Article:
Rosehill College 1973-1980
What I found Rosehill was a three year old school of about 300 students. Class sizes were small. The majority of students were white and affluent. There were about 30 Māori and no Asians. Most of the staff were young. The building that held my room was new - everything was spotless. The main thing I found was GIRLS. I had gone to a boys high school for 4 years, then 5 years MIT where there was 1 girl for 1000 boys and then 3 years teaching at a boys boarding school. 12 years without seeing a girl as a student. More than just girls, they were beautiful, bright and fun. enlarge
Felicity, Caroline & Margo
Basketball 1 First day of school I was made the coach of the boys basketball team and I was playing a game that night in an adult league. There was no school competition. In fact, basketball was not a popular sport. The school didn't have a gym which made it difficult. There was an outdoor court, but I prefer to practice in same conditions as the game. So I was able to rent the YMCA gym, which is where we played. Since it wasn't a school league I could play on the team, as well as any other teacher that I could talk into joining. I inherited a team of boys who played for the fun of it. Michael Rollo was the best player. Nelson Sopar was the spark plug and we made him the captain. Rudy Bakker rarely played to his full ability - he and I became good friends. The boys didn't have real uniforms and footwear was non-existant in some cases. So I bought the tees and had them stencilled by Al Drumm,the art teacher. Here is the team list and stats for that first season. enlarge


Basketball 2 The next thing I did was to start up a Junior Basketball league at the Y on Fridays after school. Open to anyone up to 4th form. This was an instructional league and I had my A-Squad boys coach and referee. I put the word out to my math classes and we ended up with 34 teams at one stage. The kids loved it, got uniforms and took it semi-seriously. I kept doing it right through 1979 and when we returned to Papakura in 1985 it was still going.
Chaotics 1974
Basketball 3 I then opened the team's Saturday practice to anyone in Jr BB, plus I was encouraging others at school to try it. The result was that the school was able to enter two boys and two girls teams into the Papakura summer league with the A-Squad playing in the A Grade. They lost all the games but it was a good experience playing against top notch teams. I played on the B-Squad with Ian Scott (until he quit in a rage against the refs). Here is the game results and the stats.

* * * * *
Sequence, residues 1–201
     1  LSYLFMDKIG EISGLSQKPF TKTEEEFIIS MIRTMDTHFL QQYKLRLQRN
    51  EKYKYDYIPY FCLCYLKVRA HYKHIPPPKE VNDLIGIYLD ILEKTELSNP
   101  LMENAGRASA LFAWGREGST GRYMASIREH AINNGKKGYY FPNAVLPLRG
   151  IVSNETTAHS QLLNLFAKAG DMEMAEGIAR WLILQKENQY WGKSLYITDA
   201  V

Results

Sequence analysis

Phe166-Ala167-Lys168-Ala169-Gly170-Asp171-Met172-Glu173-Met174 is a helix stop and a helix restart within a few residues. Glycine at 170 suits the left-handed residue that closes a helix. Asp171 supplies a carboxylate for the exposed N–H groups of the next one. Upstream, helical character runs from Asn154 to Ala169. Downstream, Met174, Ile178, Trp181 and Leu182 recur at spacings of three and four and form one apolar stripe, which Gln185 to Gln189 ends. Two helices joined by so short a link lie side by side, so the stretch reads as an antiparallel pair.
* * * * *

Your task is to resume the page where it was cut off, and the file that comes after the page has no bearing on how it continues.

Nigel Farley 1974
Basketball 4 Dave Dickson said he would sponsor a team that included his daughter Frances if I would coach it. So the Meteors were born. All of the girls attended Rosehill but they weren't a school team. I wanted to prove that I could put together a team that would beat the school's A-Squad. Actually, I wanted them to be the best womens team in Papakura and they could have been but they self-distructed after two years. Partly my fault as I left for the States leaving Jack Burns, Lynn's father, to take over in my absence. The first year, 1974, they were in the D-Grade and won all off their games, 10 - 0 Game scores. They were promoted to the B-Grade in 1975 where they were 10 - 8 Game Scores and Stats..
Cheating A favourite trick I used would be to make two versions of a test. They looked the same but each problem was slightly altered. I only did this when I suspected a lot of cheating. I would make sure that the suspects got the alternate paper. You'd be surprised how many kids I caught out this way. A couple even accused me of cheating!! One time I made it obvious by putting one version on pink paper and the other on blue.
Chalkboard I liked to keep my board clean, eh?
Brian McD One day Brian asked me about "bombs bursting in air" in the song "Arial". I thought it was a very intelligent question. So I explained that before TV stations went off air they played the "Star Spangled Banner".
Dawn McIntyre When I returned in 1993, the school was doing big business with International students paying big bucks to attend. I met Dawn when some of them wanted to email back home. At first I said: "No" I had too much work as it was. Luckily, I changed my mind and got to meet quite a few interesting people from all over the world as a result.
Custard Pie At some stage I discovered that the Tuck Shop sold these amazing things. They also sold an apple sauce with mock whipped cream, but I fell in love with custard. Most of the time I would send a girl down to buy one for me and once Nadine Hitchcock shouted me one.
Apple Pie
Radio Station Set up and ran the lunchtime radio out of Sue Miller's office in upper C Block. In November 1979 we ran a survey (form on right) to determine the sstudents' favorite songs to be played on the final day of classes. No I don't remember what they were.
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